Interview on the knife attack in Mannheim: “The inhibition threshold has dropped”

Interview on the knife attack in Mannheim: “The inhibition threshold has dropped”

Christian Habrecht is a police officer and regional youth leader of the police union in Hesse. star He describes why the profession has become more dangerous for many colleagues today.

Mister Habrechtwhat did you think when you heard the news of the death of your young colleague in Mannheim?
I was sad, shocked and angry. What shocked me most was the video of the crime and the violence with which the perpetrator acted. His colleague turned his back to him and tried to pull a person out of the danger zone. The perpetrator treacherously stabbed him in the head from behind. I still get goosebumps when I see the pictures.

The incident shows the occupational risks that police officers face. How personal is something like this?
That really hits you hard. You immediately think about how you would have behaved yourself. You think about your partner and the family of the colleague who was killed. And you think about the colleagues who had to watch it all.

The police officer Christian Habrecht

As soon as the video was published, the first voices were raised: the police officer had behaved incorrectly, they said – because he apparently first wrestled down another participant, whom he mistakenly thought was the perpetrator.
I think the criticism is absurd. The initial situation was an information stand set up by Islam critics in downtown Mannheim. You can’t expect a man with a knife to suddenly start stabbing people. The situation was confusing, there were several injuries, the colleague did what he thought was right. I can’t see any mistake on his part.

Does your training prepare you sufficiently for such situations?
A fully trained police officer is prepared for such situations. We have a lot of operational training on our timetables. But there is no such thing as 100 percent protection. My instructor always said: “A knife is always fatal at close range. Make sure you keep your distance.” The inhibition threshold for attacking police officers with knives has dropped.

There are now relatively frequent videos of police operations on social networks that polarize. Does that make your work more difficult?
Yes, that is a fundamental problem. Videos are made of police actions and they spread like wildfire. They are often manipulated in such a way that they only show a very small section, in an attempt to put the police in a bad light. You see, for example, how police officers arrest a man with dark skin – and suddenly everyone is racist. You don’t see the background, such as the fact that this man had previously attacked the police. In the case of Mannheim, at least the whole incident was shown. Otherwise, at the end it would surely have been said that the shot that the police used to stop the perpetrator was not appropriate. And then the questions start.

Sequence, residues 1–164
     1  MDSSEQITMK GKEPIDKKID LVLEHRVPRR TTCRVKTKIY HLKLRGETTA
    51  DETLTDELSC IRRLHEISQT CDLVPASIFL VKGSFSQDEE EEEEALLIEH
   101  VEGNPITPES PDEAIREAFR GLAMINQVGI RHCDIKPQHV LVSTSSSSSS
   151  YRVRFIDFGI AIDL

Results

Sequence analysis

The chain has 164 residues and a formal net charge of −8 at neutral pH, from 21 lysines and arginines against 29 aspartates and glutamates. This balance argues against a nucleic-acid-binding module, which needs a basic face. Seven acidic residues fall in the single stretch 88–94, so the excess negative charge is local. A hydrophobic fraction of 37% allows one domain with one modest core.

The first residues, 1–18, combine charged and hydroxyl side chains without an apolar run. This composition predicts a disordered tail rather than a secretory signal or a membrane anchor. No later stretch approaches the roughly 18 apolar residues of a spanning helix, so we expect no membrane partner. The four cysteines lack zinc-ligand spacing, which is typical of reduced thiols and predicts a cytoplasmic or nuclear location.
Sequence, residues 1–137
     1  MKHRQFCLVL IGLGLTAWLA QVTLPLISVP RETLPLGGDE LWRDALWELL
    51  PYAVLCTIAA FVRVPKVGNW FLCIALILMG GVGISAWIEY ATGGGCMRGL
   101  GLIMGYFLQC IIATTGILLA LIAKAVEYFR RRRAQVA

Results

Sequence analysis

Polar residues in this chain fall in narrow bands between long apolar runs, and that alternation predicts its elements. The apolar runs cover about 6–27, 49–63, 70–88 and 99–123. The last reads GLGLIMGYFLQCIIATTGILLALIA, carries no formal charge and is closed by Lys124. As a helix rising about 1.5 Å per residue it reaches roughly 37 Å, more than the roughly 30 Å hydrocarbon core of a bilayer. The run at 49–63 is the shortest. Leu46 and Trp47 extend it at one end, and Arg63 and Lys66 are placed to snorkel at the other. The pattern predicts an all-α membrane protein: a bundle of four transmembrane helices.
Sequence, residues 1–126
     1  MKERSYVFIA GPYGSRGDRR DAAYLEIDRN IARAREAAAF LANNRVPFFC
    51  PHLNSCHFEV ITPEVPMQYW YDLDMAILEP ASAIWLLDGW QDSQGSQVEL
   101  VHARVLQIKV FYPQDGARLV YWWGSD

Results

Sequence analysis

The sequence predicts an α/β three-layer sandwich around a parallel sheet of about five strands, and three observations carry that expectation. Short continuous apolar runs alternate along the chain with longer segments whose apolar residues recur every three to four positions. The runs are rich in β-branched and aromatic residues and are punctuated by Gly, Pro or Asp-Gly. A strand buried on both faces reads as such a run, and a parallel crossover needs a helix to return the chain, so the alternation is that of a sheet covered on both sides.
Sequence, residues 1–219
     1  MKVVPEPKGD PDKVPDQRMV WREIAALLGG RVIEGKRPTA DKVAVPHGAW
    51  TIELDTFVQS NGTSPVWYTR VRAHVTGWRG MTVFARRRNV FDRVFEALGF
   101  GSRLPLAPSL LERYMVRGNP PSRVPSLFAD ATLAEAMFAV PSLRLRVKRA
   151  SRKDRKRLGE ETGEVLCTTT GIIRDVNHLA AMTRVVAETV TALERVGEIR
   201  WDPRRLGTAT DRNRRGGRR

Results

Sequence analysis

And not just the questions, but also the comments….
That’s a second problem. Thanks to social networks, everyone now feels like they’re an expert in operational training. They just have no idea. In a situation like that, you have tunnel vision and are full of adrenaline. That’s something completely different to analyzing an operation from the sofa.

Conversely, there are cases of cross-border Police violence and racism that would never reach the public without videos and social networks.
Yes, there are, but it’s a very small minority. And of course we have to look into it; colleagues like that have no place in our ranks. But most of the videos don’t draw attention to grievances, but rather try to paint a negative picture of our work by shortening it.

“In every uniform there is a vulnerable person

You are not only a police officer, but also the son of a police officer. Has society’s treatment of police officers changed?
I am convinced of that. There is a growing accusation that we are racists. Perhaps it is also because in the past, police officers were sent out without protective vests and were able to talk to citizens and resolve conflicts verbally. Today, police officers are better protected by their equipment, such as protective vests with cut protection on the neck and stab protection plates. On the other hand, we are seeing more and more young people carrying knives, brass knuckles and defense sprays, and the risk of us being attacked with them is increasing. Another phenomenon is the formation of groups. You are called out to an operation and suddenly you are surrounded on all sides by people who are commenting, filming and threatening. That does not make the job any easier.

What would you like to achieve with your work – socially and politically?
My appeal: Before you come forward with ideas and comments, just keep your mouth shut. Behind every uniform there is a person who is vulnerable to attacks and insults. You should always keep that in mind when talking about police officers.

Do police officers need more support from politicians?
Politicians should support us, because police officers are executive bodies that implement what the legislature decides. And I would like the judiciary to send a clear signal against police violence. Sometimes you really get sobered. I’m not a judge, but in the case of Mannheim it seems clear to us: the perpetrator stabbed my colleague with the intent to kill. That was not dangerous bodily harm resulting in death. I hope he gets a life sentence with preventive detention.

Source: Stern

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